Fairy Tales of the World Libya

Geograpy

Sahara Desert

climate and physical characteristics

Libya is located on the coast of North Africa with nearly all of its land within the Sahara Desert, thus it has a desert climate. The Mediterranean Sea to the north and the Sahara Desert are the most prominent natural features, and both affect the climate. The winter weather can be cool with rain on the coast. The Sahara Desert is very dry and hot in the summer but cool in the winter. Although there are beautiful coastlines, much of the land is barren.

Tripoli

Location and population

Libya has the Mediterranean Sea to its north, Tunisia and Algeria to the west, and Chad and Niger to the south. Egypt is on the east and Sudan on the southeast. Tripoli is the capital city and the largest city in Libya. It is located on the northwest coast. Libya is the fourth largest country in Africa, with a population of more than six million people.

Culture

Traditional Libyan Dress

Libyan people are mostly homogeneous in culture, language and religion.

Customs

A warm greeting!

Libyans greet each other warmly and enthusiastically. Handshakes between men can last a long time. A man must wait until a women extends her hand before he can shake it. The most common greeting between Libyans is "Asalaamu alaikum" ("Peace be with you"), to which one responds with "wa alakum salam" ("and peace be with you"). When visiting a Libyan's home, bring a small gift from your country such as a sweet treat.

Language

Berber

The language of Libya is mainly Arabic, although the Berber language is still spoken in some areas. Berbers are any of the descendants of the pre-Arab inhabitants of North Africa

Religion

Mosque

Most of the traditional Libyans are devout Muslims and follow the rules of Islam. 97% of the population is Sunni Muslim. There are far fewer numbers of Sufis, Ahmadis and Ibadi Muslims. Most Libyans still practice the monthlong fast of Ramadan and study from the Quran.

Food

Coucous

The food reflects the peasant and nomadic lifestyles of most of the people: ghreyba (butter cookies), couscous and flatbreads. Couscous is the national dish of Libya and is made in a spicy sauce of chickpeas, hot peppers, and tomatoes. Meals are served in a communal bowl, and are typically served at a sofra, which is a low table. Lamb is the protein of choice. Milk, dates, and grain are available widely. Green tea is consumed after all meals and during the day

Dates

Mohammed with the magic finger by Andrew Lang

Mohammed with the Magic Finger begins with a mother who wants to take her family to a place “where there is no death" (Lang, 1900). Although this is technically true, when someone becomes sick, they are killed, and this is what happens to the mother. Her daughter is frightened and leaves the town and marries a sorcerer of sorts. The mother’s son comes back and sees what has happened and leaves to find his sister. The sister and the demon husband have a son whom they name Mohammed. He is able to predict the future because of his magic finger. He is able to warn his uncle that his mother wants to kill him. Eventually, Mohammed and his uncle kill both his mother and her sorcerer husband.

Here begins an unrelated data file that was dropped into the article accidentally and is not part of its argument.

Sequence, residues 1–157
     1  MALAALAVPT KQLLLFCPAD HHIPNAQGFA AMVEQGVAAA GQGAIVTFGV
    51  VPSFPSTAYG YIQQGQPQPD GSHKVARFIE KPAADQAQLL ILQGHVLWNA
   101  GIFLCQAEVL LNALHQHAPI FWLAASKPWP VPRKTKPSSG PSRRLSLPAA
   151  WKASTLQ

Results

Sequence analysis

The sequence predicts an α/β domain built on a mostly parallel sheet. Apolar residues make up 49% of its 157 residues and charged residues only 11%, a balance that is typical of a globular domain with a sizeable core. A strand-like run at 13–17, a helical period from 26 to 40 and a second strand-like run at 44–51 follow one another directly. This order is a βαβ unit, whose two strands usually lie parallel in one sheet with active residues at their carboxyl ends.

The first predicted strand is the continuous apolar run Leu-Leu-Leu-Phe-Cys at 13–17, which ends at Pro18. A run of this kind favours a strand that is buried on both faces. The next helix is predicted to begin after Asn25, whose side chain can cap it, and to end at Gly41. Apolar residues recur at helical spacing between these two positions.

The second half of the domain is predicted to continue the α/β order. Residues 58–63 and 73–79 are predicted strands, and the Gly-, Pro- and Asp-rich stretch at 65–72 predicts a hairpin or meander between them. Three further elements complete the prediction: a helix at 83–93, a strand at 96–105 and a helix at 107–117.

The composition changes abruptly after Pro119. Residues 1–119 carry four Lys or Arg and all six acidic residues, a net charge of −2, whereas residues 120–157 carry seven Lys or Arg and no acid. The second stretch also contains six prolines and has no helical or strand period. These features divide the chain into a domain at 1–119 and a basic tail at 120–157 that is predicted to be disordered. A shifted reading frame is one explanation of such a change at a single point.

Mohammed and his uncle leave and part ways. Mohammed warns his uncle not to take a job from a red haired man with blue eyes. The uncle is starving and does take a job from a red haired man after all. He signs a contract saying that he will do all sorts of impossible tasks on a daily basis. Whomever breaks the contract has to give the other a strip of flesh. Mohammed intuits that his uncle is in trouble so he finds him and trades places. Mohammed then proceeds to kill the red haired man’s mother and six of his seven sons, and he then steals his cattle. The red haired man breaks the contract because he has lost everything. He is then obligated by law to give up a strip of flesh.

Mohammed takes the strip of flesh and finds his uncle. They go to a series of Bedouin camps where Mohammed fakes a series of bargains that allow him to trade for better and better animals. Eventually, he even trades for a young woman at one of the camps. He and his uncle leave. Mohammed gives the young woman to his uncle to be his wife and a cow to help them begin their life together. Mohammed and his uncle separate and never see each other again.

Mohammed with the Magic Finger fulfills six of the seven typical characteristics of a fairy tale, lacking only the royalty and/or castle characteristic.

It begins with "once upon a time" (Lang, 1900) and a good character in this fairy tale is represented by Mohammed's uncle, the only character in the story who is good by nature. The uncle states, "I can no longer stay in this horrible town. I go to seek my sister"(Lang, 1900).

Mohammed's mother and father represent evil characters in this tale. His mother says, "you must kill my brother..." (Lang, 1900). The father is misguided by the mother saying, "Okay, I will kill him" (Lang, 1900). Mohammed is seen to be evil during the latter half of the story. As the master says, "He has killed my children and my old mother, he has stolen my sheep, he has drowned my cows in the sea" (Lang, 1900).

Mohammed's finger is magical. He is "able to see anything that was happening as far as two days distance" (Lang, 1900).